Gaetano Martinelli

Gaetano Martinelli (? – 1802) was an Italian librettist active in the court theatres of Charles Eugene, Duke of Württemberg from 1766 to 1769 and in Lisbon as the court poet to Joseph I of Portugal and his daughter Maria I from 1769 until his death in 1802. He was one of a group of reforming Italian librettists which also included Calzabigi, Verazi, and Migliavacca, who moved away from the traditional Metastasian plot structures that had dominated opera during the first half of the 18th century. The majority of his early libretti were for comic (''opera buffa'') or semi-comic (''dramma giocoso'') operas.

Martinelli was described on his early libretti as "Romano" (Roman) but nothing is known of the exact date and place of his birth or of his parentage and early life. His first appearance as a librettist was at the Teatro San Moisè in Venice, where between 1764 and 1766 he produced the libretti for four successful ''opere buffe''. The first three of these—''Li rivali placati'', ''Il ratto della sposa'', and ''Lo spirito di contradizione''—were composed by Pietro Alessandro Guglielmi. The fourth, ''Le nozze disturbate'', was composed by the young Giovanni Paisiello. Martineli in 1782 wrote a libreto to opera ''Everardo II, re di Lituania'' (''Everardo II, King of Lithuania'') it never performed since its original premiere until 2013 when it was newly discovered by Lithuanian -Spanish conductor Alexis Soriano at a royal archive in Spain. Provided by Wikipedia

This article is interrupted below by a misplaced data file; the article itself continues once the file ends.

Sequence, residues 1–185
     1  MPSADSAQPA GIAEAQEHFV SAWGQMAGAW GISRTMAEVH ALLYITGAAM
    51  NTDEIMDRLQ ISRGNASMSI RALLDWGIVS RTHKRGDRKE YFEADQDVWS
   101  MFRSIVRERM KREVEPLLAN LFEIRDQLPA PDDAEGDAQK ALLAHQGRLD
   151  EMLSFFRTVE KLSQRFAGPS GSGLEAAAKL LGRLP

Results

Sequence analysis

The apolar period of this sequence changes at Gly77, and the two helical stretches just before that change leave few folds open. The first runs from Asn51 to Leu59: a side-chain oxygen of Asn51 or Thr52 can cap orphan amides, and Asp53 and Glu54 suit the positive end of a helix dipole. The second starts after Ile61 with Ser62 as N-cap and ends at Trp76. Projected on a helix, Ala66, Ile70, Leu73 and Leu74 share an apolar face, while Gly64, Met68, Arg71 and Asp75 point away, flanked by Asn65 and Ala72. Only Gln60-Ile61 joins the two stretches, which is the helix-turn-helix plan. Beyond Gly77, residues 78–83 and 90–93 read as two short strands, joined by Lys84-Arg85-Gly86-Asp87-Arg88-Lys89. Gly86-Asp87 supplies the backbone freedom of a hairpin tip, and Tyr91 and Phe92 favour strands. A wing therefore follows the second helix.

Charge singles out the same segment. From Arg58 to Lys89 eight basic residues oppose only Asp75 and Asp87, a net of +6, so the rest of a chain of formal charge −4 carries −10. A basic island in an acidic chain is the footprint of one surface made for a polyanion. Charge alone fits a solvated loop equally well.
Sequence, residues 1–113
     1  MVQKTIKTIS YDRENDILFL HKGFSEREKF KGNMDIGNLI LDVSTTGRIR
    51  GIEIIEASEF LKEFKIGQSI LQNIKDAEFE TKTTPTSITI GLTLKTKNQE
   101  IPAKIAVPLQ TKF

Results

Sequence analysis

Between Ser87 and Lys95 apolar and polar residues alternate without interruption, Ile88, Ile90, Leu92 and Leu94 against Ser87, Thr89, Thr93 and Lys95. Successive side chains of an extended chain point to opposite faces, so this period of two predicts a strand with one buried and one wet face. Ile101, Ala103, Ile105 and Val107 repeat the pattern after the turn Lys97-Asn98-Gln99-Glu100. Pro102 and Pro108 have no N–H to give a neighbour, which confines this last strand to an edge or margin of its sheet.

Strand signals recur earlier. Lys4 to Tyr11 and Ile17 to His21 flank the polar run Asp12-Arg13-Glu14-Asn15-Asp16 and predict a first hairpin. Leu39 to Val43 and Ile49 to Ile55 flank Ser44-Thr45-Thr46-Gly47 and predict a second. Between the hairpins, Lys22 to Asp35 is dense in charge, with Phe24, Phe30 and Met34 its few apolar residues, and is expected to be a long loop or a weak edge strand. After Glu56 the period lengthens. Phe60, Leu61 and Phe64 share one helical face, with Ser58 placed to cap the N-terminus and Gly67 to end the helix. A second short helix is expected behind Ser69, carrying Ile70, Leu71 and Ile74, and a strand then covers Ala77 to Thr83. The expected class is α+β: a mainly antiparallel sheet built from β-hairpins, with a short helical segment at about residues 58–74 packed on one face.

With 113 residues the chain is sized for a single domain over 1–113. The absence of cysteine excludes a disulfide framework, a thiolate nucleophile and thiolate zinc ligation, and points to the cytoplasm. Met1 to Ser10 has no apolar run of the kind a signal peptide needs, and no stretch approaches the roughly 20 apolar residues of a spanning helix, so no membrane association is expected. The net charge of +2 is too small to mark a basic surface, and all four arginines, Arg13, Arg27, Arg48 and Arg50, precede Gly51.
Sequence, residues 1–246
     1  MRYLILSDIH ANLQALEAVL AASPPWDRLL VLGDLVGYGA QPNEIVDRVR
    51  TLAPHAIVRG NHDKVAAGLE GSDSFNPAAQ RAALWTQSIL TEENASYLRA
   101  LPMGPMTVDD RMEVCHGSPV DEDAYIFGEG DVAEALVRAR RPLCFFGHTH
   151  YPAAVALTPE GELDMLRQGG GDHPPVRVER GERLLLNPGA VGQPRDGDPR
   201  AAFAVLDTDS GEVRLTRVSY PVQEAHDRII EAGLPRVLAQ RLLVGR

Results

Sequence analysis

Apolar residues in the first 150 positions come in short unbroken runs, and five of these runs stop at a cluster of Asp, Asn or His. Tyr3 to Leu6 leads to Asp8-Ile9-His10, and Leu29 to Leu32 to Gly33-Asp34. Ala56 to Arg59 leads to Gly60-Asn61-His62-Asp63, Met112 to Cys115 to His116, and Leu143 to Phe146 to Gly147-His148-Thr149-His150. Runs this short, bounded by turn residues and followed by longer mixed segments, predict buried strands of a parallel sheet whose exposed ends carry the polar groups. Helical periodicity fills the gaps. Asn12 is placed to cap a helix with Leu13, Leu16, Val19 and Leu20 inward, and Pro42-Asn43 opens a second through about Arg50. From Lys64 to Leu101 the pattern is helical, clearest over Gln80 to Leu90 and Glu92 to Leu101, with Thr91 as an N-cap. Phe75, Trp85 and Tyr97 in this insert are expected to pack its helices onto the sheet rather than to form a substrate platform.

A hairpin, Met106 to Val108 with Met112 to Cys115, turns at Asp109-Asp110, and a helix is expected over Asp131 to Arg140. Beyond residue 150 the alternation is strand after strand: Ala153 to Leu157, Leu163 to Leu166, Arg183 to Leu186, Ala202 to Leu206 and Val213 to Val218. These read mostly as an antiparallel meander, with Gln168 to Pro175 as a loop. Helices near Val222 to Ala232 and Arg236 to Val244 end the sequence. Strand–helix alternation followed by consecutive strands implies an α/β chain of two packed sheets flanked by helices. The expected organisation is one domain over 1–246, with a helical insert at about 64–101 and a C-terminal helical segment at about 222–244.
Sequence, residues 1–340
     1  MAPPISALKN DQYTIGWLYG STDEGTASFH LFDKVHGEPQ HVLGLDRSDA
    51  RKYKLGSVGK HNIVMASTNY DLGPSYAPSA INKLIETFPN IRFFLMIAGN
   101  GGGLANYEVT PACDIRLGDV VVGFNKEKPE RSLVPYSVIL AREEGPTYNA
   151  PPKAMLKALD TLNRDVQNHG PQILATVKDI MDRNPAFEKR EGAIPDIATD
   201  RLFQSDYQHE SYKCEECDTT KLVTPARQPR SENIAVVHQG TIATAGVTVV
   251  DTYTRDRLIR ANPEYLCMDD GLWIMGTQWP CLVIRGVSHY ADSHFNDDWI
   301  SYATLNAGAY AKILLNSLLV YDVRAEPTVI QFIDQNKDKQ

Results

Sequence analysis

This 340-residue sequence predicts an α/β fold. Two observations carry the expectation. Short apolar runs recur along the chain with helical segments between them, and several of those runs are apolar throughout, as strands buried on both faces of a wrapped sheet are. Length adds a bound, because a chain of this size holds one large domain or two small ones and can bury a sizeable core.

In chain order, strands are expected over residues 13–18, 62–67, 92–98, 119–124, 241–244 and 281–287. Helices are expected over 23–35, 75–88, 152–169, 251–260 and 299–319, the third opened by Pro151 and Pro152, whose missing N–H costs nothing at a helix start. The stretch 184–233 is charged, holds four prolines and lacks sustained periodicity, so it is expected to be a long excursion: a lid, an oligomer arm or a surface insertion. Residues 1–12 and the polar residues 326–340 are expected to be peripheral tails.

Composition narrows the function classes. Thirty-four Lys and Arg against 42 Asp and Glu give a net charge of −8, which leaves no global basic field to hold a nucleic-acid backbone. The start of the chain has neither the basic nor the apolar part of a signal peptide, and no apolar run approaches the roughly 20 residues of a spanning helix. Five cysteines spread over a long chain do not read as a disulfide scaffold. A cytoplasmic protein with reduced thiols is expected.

by Martinelli, Gaetano
Published 1768
printed for W. Griffin, Bookseller, and Stationer, in Catharine-Street, in the Strand